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James Hutton Institute Blogs

Reflections on one year of blogging

Kerry Waylen

This week our blog celebrates its first birthday! In the last 12 months our posts have covered a range of topics, everything from sharing new research findings (e.g. how do crofters obtain information and support?), to thoughts about the research process itself (e.g. what do you do when...

What time do I get up in the morning?

Tony Craig

In the last few years, I have become increasingly fascinated by how we use time. One of my projects - ‘NESEMP’- has given me insights as to how we use time, by measuring household electricity consumption.   

Are we getting out enough? Participation in outdoor recreation in Scotland

Kathryn Colley

Recent statistics suggest that the proportion of Scots regularly getting out and enjoying Scotland’s countryside and urban greenspaces has risen slightly compared to previous years. The latest figures from the Scottish Household Survey show that 48% of adults in Scotland reported...

Using a different lens: Children as researchers

Katrin Prager

Although there is plenty of research ‘on’ children and ‘with’ children, there is not much published on research that was done ‘by’ children, and no literature that covers research by children on greenspace. I assume this is due to the little education children...

Will policy changes facilitate community engagement in Scottish land management?

Annie McKee

In May this year, Aileen McLeod MSP, the Minister for Environment, Climate Change and Land Reform gave keynote speeches at the annual conferences of both Scottish Land & Estates, the representative body of the private landowning sector, and Community Land Scotland, whose membership comprises...

What’s in a name: authorship conventions in an interdisciplinary organisation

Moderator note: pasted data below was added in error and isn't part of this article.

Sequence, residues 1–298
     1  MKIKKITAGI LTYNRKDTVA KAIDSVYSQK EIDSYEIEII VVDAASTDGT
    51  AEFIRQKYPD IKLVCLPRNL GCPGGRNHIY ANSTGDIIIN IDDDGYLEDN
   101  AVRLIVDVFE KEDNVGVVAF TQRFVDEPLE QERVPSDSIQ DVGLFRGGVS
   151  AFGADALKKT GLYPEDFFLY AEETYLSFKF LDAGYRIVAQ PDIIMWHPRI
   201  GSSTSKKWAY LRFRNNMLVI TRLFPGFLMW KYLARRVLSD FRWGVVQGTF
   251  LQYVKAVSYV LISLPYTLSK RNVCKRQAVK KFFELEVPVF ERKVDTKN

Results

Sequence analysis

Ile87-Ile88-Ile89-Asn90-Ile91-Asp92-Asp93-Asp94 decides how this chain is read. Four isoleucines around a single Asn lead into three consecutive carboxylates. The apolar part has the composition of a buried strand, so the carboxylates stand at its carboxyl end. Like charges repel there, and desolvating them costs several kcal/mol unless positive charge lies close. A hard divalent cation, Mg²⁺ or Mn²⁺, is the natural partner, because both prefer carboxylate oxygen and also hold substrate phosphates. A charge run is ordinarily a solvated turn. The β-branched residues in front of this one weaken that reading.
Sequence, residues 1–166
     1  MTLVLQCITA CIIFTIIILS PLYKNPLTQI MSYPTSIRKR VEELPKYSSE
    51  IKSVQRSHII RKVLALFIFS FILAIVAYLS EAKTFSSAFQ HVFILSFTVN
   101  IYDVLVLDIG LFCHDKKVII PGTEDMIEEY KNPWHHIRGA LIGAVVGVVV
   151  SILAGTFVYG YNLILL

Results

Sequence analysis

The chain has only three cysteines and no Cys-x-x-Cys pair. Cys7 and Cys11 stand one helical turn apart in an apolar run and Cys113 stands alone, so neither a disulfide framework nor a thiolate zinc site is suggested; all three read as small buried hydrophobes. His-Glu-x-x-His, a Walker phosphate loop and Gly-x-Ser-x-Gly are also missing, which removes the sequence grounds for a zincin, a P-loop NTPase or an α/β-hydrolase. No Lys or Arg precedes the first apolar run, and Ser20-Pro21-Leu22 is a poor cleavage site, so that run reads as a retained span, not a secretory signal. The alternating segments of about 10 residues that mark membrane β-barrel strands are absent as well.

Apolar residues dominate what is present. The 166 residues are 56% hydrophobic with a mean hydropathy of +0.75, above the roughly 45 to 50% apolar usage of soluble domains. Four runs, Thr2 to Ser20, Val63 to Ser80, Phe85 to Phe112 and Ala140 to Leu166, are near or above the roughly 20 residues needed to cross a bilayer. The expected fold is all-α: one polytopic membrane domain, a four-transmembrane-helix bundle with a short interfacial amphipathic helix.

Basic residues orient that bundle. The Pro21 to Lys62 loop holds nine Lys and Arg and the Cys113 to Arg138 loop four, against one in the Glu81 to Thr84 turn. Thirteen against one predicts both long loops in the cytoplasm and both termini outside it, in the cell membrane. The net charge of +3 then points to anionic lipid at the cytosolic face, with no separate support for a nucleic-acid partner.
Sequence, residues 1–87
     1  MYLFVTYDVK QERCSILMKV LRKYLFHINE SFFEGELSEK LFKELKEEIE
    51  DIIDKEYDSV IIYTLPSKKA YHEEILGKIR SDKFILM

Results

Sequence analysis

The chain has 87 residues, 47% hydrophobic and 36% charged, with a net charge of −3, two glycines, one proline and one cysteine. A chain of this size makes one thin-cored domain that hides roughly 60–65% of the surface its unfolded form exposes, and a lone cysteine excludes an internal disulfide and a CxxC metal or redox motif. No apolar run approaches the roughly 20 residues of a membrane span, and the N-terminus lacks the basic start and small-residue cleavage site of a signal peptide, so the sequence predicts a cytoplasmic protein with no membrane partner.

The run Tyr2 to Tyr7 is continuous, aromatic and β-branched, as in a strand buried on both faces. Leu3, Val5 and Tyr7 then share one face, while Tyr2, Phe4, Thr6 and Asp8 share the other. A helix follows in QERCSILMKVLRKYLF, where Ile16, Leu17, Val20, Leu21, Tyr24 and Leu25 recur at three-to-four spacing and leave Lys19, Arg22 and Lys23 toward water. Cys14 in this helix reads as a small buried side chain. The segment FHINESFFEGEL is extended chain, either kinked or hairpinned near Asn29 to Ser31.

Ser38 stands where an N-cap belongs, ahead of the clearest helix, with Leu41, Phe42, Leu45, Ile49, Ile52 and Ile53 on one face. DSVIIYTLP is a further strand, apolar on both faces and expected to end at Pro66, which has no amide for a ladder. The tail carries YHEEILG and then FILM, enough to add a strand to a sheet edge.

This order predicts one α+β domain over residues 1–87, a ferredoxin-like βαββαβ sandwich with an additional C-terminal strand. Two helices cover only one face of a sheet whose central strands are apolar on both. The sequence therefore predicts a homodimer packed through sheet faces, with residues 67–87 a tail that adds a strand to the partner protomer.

Kirsty Blackstock

Deciding authorship of academic publications is often tricky, and recently I received some advice that made me consider this issue from a new angle. Not long ago I had an extremely useful career review meeting, to help me navigate my role as a senior but part-time researcher in the Social,...

Shaping research methods in response to participants’ wishes and concerns

Mags Currie

It is thought that greenspaces (natural and semi-natural places that are openly accessible in urban areas) can provide significant health and wellbeing benefits to people who use them. Together with my colleagues Petra Lackova and Liz Dinnie, I’ve been investigating this over the last two...

Lost in Space? Travel-to-Work Areas, City-Regions, and Strategic Development Planning Authorities

Patricia Melo

How we live, work and travel does not often neatly fit within official administrative boundaries, such as those of Local Authorities or councils. As a result, administrative boundaries are becoming increasingly inappropriate or irrelevant for the purposes of understanding, planning, and managing...

Re-energising Scottish Communities?

Annabel Pinker

In 2011, the Scottish government outlined a target of 500 megawatts of locally-produced energy by 2020. Since then, it’s set up a fund worth £20 million for the support of local renewable energy schemes. Such policies beg the question: What are the social and political implications...

The ‘safety’ in ‘food security’.

Bernhard Merget

I’m a colleague working on food safety within the Cells and Molecular Sciences group at the James Hutton Institute in Dundee. Additionally, I am a member of the Centre for Human and Animal Pathogens in the Environment (HAP-E) at the institute. I read the SEGS blog post about food security...


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The James Hutton Research Institute is the result of the merger in April 2011 of MLURI and SCRI. This merger formed a new powerhouse for research into food, land use, and climate change.